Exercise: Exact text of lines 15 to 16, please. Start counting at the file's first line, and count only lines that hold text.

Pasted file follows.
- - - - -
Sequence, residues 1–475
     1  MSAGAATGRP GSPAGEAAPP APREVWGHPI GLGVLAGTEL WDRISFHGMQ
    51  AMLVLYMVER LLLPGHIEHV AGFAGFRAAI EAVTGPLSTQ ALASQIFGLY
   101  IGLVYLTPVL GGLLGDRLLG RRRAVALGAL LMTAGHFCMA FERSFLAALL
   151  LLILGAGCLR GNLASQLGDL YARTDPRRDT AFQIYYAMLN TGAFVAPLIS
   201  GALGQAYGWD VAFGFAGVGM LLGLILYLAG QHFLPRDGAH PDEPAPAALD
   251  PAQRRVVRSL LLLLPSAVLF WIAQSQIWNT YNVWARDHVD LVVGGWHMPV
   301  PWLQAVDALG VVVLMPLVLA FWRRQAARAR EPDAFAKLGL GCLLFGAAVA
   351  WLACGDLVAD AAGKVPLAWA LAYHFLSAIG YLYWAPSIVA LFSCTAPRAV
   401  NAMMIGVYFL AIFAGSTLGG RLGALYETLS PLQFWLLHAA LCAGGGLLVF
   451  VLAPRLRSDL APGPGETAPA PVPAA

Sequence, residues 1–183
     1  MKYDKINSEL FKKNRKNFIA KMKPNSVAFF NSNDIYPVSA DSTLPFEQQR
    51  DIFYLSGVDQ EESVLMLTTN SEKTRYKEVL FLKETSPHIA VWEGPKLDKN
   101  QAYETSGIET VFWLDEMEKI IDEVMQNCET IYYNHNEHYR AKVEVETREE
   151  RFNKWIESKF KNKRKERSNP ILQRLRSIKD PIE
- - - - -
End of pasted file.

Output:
   101  QAYETSGIET VFWLDEMEKI IDEVMQNCET IYYNHNEHYR AKVEVETREE
   151  RFNKWIESKF KNKRKERSNP ILQRLRSIKD PIE